“They are welcome to stay here as long as they would like,” Metcalf explained. “They can stay for the rest of their lives even.”

Unhoused individuals who are housed inside the Hope Respite Care receive treatment and care while they recover. These individuals were either discharged from the hospital or are suffering from complex health and social issues and are subsequently facing homelessness.

“Hope Respite Care is an innovative collaboration between Merced Rescue Mission, Mercy Medical Center, Merced, Stutter Hospital in Los Banos, Golden Valley Health Centers, and Stanislaus State University,” Metcalf said. “Hope Respite Care seeks to improve patient outcomes and reduce the costs of their care, using data driven, person-centered practices.”

David Flores and Robert Montanez are just two of the 20 individuals residing inside Hope Respite Care. Both have seen a great improvement in their lives since they joined the village just three weeks ago.

“I was homeless on the streets for 16 years,” Flores explained. “I’ve been beat up and left for dead. … but I am still here. Living here we are all from the same walks of life. We help each other out here. I’m in the right spot.”

Flores and Montanez are roommates. They are both wheelchair bound and happy to be living in better conditions than they were before.

Montanez had his right leg amputated two years ago after a bad infection. Since then he had been in and out of the hospital, continually needing treatment because of a weak immune system.

“I couldn’t handle the streets,” Montanez explained. “I would have died if I was in the streets.”

“Sobering Rooms,” are also located inside the Hope Respite Care and have been created in conjunction with the Merced County Behavioral Health Department, Mercy Hospital, and Golden Valley Health Centers. The rooms are divided up between men and women.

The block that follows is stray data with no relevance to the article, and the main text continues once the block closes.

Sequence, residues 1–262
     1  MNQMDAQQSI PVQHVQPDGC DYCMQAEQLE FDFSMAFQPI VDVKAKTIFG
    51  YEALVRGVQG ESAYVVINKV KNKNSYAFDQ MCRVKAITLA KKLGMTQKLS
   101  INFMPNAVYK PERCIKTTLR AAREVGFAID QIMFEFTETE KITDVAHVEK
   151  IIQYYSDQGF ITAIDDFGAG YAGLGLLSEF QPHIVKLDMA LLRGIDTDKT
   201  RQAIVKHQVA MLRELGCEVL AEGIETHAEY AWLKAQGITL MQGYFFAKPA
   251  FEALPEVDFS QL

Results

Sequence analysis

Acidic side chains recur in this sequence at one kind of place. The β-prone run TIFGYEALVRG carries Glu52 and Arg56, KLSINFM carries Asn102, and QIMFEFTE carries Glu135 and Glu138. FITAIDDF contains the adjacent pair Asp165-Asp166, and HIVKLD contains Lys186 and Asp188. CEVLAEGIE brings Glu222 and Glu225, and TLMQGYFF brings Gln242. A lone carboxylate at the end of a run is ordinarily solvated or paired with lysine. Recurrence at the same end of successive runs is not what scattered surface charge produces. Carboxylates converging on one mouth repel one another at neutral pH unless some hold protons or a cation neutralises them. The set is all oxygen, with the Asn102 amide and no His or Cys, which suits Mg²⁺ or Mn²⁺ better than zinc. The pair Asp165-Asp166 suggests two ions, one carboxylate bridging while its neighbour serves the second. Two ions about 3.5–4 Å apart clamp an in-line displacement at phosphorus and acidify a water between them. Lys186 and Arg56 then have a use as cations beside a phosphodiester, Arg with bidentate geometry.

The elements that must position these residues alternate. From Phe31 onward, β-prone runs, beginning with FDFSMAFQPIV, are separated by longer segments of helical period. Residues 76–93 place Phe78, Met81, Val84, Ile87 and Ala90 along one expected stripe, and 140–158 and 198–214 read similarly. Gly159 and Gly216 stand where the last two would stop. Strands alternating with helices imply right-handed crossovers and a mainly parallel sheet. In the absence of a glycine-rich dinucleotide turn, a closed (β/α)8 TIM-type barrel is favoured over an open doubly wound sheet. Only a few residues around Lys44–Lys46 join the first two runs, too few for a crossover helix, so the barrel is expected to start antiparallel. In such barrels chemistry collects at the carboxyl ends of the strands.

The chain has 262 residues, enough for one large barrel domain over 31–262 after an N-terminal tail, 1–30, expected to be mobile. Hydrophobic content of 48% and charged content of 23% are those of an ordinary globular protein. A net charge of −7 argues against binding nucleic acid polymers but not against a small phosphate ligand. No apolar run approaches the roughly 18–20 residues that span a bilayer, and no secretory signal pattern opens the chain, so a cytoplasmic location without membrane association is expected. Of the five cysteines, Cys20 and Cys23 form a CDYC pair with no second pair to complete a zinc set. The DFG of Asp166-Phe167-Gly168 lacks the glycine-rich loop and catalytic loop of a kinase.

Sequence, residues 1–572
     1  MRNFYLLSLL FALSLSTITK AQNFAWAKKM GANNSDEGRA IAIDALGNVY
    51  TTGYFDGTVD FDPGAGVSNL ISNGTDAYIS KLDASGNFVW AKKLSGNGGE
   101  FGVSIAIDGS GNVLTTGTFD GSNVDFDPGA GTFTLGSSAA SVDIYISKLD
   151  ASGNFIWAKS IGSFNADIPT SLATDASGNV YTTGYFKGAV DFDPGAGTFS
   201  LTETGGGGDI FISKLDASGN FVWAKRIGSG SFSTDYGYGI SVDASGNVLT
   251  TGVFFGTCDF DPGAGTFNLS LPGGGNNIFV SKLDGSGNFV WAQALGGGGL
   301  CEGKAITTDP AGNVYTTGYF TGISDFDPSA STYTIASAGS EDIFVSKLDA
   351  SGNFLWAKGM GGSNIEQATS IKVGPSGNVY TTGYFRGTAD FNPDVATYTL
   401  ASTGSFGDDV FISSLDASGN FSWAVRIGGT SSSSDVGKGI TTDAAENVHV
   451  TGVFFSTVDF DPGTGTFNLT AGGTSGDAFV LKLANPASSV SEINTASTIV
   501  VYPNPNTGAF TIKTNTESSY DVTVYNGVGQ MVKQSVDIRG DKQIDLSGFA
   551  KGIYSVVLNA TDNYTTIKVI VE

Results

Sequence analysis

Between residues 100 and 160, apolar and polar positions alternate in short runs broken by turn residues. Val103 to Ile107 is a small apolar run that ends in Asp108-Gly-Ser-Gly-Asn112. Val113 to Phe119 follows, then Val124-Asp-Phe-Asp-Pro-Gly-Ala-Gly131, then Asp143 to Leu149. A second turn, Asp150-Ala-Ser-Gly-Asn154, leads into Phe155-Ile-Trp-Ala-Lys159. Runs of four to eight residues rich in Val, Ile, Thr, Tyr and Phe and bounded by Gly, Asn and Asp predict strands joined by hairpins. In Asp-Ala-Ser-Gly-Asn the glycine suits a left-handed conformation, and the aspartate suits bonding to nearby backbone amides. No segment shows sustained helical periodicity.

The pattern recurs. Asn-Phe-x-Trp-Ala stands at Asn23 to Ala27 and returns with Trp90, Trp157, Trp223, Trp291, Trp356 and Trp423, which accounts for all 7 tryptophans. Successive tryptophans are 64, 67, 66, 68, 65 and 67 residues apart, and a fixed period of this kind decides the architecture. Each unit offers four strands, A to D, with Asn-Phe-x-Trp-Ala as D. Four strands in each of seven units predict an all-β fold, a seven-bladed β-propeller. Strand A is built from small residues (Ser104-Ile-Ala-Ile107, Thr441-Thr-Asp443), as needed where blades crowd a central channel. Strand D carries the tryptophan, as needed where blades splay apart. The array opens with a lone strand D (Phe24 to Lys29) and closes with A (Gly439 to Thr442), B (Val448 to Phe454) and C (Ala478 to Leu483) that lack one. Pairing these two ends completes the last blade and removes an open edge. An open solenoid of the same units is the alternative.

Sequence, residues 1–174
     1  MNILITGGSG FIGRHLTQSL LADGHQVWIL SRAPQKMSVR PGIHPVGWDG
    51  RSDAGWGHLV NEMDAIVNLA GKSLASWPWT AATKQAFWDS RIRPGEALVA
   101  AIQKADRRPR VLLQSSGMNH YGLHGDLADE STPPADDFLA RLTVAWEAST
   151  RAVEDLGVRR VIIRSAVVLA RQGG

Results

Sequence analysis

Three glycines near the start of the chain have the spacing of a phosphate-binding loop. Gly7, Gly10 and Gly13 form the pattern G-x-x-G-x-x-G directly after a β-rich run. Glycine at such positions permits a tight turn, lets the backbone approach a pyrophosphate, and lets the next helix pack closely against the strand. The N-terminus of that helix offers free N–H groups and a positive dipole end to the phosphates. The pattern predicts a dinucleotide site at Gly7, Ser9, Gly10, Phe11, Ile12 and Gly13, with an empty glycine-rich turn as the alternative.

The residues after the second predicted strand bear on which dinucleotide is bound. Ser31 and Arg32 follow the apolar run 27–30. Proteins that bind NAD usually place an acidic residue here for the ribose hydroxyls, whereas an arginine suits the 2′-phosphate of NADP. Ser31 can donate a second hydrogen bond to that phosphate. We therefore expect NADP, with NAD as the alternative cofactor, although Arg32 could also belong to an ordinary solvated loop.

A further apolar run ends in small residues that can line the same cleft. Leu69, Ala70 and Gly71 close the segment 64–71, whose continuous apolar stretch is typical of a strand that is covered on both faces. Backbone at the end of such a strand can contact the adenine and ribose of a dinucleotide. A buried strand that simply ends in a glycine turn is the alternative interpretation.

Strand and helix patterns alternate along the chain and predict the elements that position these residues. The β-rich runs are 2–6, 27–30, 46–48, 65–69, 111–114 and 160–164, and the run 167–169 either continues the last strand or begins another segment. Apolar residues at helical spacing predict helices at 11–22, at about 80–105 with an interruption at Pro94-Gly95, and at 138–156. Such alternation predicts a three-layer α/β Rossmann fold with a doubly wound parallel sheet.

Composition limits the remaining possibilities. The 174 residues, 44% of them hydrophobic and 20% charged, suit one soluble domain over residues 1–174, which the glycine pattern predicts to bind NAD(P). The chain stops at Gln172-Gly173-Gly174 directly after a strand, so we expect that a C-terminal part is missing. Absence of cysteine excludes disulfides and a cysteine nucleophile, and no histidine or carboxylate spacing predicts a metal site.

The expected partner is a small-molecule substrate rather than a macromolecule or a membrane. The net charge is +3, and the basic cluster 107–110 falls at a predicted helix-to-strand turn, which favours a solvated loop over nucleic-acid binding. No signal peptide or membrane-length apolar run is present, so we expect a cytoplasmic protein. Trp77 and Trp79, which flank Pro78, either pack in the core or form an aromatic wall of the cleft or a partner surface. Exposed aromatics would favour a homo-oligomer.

“These rooms will have mattresses for individuals who need to sleep the night off,” Metcalf said. “The sheriff’s deputies and police will bring people in, instead of having to book people into jail, or taking them to the hospital, they can bring them here and there will be people on duty all the time.”

Village for Hope’s mission is to offer pathways to healing, hosing, jobs, and real life change. They offer three meals a day to all of its residents, availability to lounge rooms, and even have a clinic run by Golden Valley Health Centers.

Once a week, nursing students in the RN program also come onto campus as part of their community nursing program, meet with individuals in the facilities housing programs, and regroup at the end of the day to discuss their findings.

The work done at Merced County Rescue Mission is reshaping the way the unhoused community in Merced County is treated and rehabilitated. With Village of Hope, veterans, families, and those affected by complex health and social issues now have a chance at a better life-and one that can accommodate to the treatment that they need.

 

For more information on Merced Rescue Mission and their message, you can reach out to them at (209) 354-0559 or visit their website at www.mercedcountyrescuemission.org.